Google and the Semantic Web (6d)

Last Update: Oct 20, 2022

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New Adventures in Web 3.0

With this article and a few parting words, we will leave Web 2.0 behind-- and we will enter Web 3.0-- with great anticipation, kicking and screaming, or something in between. In summary of last week's article, characteristics of Web 2.0 are :

  • Blogs
  • Networks and networking
  • Wikis and Participation
  • Communities
  • WordPress, GoDaddy
  • Wealthy Affiliate
  • Facebook, Twitter, Instagram
  • Let us not forget: The Smart Phone
  • Sharing videos
  • You get the idea.

As you can see, Web 2.0 is a social affair.

As an aside, my guru, Frank, the Guitar Man, pointed out that my timeline in the former article could have begun in 1935 when Alan Turing published a paper, which described the core concept of the modern computer, later known as the "Turing Machine".

Later, Turing helped Britain to break the Nazi's "Enigma Code" using a technique he called the "plain text attack", shortening the war and potentially saving millions of lives. Now called the "Turing Test", and used in reverse, we recognize the CAPTCHA system, a method of verification by which a website can tell a human apart from an algorithm.

The Answer To Last Week's Question

If you remember, due to some technical issues, the question posed in the title of last weeks post went unanswered:

What Does Tim Berners-Lee Have To Do With The Semantic Web? (6c) 

To review, Berners-Lee is credited with the invention of the World-Wide-Web (www) in 1989.

As it turns out, Berners-Lee is credited, also, with the invention of Web 3.0, or the Semantic Web. Not all sources agree, but it is clear he was/is involved in a collaborative effort with programmers and others from the beginning.

According to Semantic Web for Dummies by Jeffrey T. Pollock, Berners-Lee didn't care for the versioning of the web, i.e., webs 1,2,3, etc. Given that book was published in 2009, and now he is said to have invented the Semantic Web, we can now understand how he envisioned the evolution of the web, probably from the beginning.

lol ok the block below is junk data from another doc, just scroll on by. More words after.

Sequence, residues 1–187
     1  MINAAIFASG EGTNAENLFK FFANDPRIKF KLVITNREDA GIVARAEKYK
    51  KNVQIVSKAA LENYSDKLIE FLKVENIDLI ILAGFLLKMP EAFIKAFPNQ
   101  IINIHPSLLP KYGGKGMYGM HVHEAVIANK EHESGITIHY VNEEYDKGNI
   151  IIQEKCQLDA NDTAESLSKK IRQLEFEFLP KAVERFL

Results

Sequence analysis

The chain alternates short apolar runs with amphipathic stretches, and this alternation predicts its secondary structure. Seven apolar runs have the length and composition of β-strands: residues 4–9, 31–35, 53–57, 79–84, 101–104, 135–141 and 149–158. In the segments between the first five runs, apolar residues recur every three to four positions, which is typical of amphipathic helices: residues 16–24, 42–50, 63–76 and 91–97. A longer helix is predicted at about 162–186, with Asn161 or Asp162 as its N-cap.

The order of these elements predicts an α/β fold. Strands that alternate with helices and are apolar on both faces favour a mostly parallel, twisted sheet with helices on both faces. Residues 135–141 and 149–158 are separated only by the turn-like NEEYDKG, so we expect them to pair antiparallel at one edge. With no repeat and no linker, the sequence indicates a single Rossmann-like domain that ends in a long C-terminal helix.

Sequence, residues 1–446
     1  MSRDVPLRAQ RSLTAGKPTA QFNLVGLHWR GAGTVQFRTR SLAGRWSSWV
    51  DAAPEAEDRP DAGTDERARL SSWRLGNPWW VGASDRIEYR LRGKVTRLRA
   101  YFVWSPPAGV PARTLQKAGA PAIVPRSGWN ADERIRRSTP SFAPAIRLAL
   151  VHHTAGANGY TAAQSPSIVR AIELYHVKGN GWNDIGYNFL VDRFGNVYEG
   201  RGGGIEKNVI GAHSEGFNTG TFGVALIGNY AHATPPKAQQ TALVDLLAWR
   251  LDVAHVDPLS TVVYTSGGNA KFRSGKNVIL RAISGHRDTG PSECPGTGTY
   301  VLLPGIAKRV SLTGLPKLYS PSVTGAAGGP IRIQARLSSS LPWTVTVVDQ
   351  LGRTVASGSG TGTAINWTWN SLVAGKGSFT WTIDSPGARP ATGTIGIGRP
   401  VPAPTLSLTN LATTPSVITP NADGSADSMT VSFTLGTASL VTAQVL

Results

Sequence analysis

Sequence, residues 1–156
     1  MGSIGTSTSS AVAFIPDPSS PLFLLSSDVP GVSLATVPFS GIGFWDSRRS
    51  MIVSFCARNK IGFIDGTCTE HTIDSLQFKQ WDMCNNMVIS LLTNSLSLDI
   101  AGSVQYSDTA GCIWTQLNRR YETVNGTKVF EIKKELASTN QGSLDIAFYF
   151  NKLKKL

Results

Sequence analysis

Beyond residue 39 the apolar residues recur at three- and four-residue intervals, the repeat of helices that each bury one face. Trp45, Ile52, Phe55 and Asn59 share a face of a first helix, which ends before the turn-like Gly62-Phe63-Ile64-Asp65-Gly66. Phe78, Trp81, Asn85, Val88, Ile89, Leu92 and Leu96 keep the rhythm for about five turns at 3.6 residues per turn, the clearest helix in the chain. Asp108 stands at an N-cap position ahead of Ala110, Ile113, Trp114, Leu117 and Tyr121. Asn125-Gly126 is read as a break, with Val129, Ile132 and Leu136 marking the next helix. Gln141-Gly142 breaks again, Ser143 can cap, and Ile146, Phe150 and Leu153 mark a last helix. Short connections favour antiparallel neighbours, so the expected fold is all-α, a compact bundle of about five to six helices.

It takes time for the technology to catch up with the vision.

In an effort to describe the semantic web, Tim Berners-Lee said, "If HTML and the Web made all the online documents look like one huge book, RDF, schema, and inference languages will make all the data in the world look like a huge database."

Simplified, If the current web is filled with many, many books, even all the books, the semantic web is one great-big book, containing all the information in all those books.

A Really Big Book

Think about a book. It contains text from one author on his/her subject. It has a TOC (table of contents), and depending on what kind of book it is, it may have an index, photographs, and an extensive bibliography-- on that subject.

Consider the semantic, great-big book. It's TOC includes, not the titles surrounding one subject, like how to cook, or how to take a photograph, but rather, its contents include all the subjects by all the authors and its bibliography supports them. Cross-referencing is an eternal challenge.

One cannot buy this book and put it on a shelf. There is actually too much information contained for our present internet or any giant computer data bank or cloud.

I read that quantum computing is a (not too) near reality. That is what it will take to perfect the semantic web dream.

Still, it surprised me how the technologies are just now catching up to the vision. It's a case of not seeing forest for the trees, an expression used of someone who is too involved in the details of a problem to look at the situation as a whole.

We have some new applications (where applications are the trees) waiting in the wings for a new infrastructure (where infrastructure is the forest).

However, I should not be surprised. Technology moves in a geometric growth pattern, and we find ourselves now invested in the habit of web versioning, i.e., 3,4,5, and I think I read somewhere about 6.